Judge Rakoff noted that the Sentencing Guidelines were “originally designed to moderate unwarranted disparities in federal sentencing” on the theory that the Guidelines “would cause federal judges to impose for any given crime a sentence approximately equal to what empirical data showed was the average sentence previously imposed by federal judges for that crime.” Of course, as the Supreme Court has already observed, the Guidelines deviated from this goal almost from the start.

For example, based on “limited and faulty data,” the Sentencing Commission determined that an ounce of crack cocaine should be treated as the equivalent of 100 ounces of powder cocaine for sentencing purpose, even though the two substances were chemically almost identical and, as later studies showed, very similar in their effects. The result of this empirically unsupportable conclusion was an indefensible racial disparity in narcotics sentencing. Kimbrough v. United States, 552 U.S. 85, 96-98 (2007). Judge Rakoff noted that, even when the Sentencing Commission changed the ratio from 100-to-1 to 18-to-1 in 2010, that ratio was likewise not based on empirical evidence but was merely “plucked from thin air.”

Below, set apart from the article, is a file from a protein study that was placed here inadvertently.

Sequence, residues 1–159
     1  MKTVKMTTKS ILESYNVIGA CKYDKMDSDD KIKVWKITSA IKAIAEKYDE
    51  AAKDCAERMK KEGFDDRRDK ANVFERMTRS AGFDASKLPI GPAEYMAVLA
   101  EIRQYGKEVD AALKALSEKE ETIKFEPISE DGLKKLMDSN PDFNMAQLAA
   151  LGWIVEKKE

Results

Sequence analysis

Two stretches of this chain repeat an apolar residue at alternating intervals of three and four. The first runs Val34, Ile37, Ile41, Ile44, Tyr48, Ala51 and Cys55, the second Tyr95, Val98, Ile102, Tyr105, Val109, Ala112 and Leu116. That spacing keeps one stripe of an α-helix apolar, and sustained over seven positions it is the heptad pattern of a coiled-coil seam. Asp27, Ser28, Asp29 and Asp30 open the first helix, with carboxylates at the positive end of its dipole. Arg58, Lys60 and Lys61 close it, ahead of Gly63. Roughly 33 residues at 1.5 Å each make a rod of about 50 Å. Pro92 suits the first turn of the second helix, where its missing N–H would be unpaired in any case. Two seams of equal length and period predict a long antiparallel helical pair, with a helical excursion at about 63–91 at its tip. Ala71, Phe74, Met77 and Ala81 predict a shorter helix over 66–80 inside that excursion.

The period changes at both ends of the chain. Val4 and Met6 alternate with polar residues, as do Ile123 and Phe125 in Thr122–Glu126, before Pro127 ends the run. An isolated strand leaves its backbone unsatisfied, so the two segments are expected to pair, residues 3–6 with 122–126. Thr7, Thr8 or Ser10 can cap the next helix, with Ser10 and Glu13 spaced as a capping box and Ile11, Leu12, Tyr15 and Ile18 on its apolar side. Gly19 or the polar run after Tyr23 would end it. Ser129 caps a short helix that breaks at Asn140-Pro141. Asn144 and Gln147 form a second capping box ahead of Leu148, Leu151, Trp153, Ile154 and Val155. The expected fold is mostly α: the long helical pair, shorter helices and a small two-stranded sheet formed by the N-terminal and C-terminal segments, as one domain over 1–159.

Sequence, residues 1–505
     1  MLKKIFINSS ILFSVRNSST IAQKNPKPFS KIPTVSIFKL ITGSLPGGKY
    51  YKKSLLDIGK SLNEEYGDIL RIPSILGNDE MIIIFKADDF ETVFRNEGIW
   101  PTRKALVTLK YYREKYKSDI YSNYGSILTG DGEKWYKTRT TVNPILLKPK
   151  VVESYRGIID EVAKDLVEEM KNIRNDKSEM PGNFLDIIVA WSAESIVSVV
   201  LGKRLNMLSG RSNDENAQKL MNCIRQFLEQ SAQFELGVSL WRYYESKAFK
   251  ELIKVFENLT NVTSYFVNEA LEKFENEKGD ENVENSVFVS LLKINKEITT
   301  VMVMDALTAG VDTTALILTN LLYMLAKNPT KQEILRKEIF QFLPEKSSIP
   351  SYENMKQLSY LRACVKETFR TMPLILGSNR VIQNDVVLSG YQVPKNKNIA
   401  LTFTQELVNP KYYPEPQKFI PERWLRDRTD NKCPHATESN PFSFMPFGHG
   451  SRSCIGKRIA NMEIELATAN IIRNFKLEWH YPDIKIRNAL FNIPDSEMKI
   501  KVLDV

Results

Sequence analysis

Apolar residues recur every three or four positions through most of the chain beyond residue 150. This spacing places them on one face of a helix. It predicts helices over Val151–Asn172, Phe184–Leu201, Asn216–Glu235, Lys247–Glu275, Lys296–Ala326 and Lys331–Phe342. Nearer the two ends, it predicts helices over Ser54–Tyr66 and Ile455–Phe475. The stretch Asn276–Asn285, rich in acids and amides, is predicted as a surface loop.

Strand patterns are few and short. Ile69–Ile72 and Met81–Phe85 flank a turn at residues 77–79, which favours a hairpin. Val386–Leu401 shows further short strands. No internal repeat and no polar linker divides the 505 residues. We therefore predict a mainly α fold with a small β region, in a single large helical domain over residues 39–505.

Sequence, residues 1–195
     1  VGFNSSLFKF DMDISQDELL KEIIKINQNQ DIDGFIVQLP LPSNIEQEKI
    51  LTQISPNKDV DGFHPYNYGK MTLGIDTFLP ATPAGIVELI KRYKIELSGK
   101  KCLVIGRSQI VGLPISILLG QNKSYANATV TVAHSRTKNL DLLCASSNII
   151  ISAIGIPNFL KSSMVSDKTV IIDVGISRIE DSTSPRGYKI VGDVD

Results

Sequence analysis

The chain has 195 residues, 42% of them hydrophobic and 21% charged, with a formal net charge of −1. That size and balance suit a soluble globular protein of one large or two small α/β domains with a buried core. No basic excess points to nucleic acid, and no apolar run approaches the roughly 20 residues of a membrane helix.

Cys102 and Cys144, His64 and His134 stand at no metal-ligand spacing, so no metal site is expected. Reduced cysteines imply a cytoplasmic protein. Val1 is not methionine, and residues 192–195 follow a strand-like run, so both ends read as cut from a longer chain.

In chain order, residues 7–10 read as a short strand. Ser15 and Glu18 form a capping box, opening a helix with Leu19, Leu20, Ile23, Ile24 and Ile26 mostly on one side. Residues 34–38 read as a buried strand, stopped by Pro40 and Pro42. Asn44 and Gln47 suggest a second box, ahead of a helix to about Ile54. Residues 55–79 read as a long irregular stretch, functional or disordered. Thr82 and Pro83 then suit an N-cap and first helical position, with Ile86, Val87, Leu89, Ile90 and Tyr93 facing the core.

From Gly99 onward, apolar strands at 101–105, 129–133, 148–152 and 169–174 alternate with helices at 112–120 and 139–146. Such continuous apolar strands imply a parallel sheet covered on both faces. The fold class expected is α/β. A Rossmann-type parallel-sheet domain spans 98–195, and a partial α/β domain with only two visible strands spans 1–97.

Judge Rakoff went on to observe that the Guidelines applicable to white collar fraud likewise “appear to be more the product of speculation, whim, or abstract number-crunching than of any rigorous methodology,” and that this “maximize[es] the risk of injustice.” Noting the huge increases in the recommended Guidelines for fraud cases, Judge Rakoff noted that the resulting advisory ranges “are no longer tied to the mean of what federal judges had previously imposed for such crimes.” Rather, these sentences “instead reflect an ever more draconian approach to white collar crime, unsupported by any empirical data.”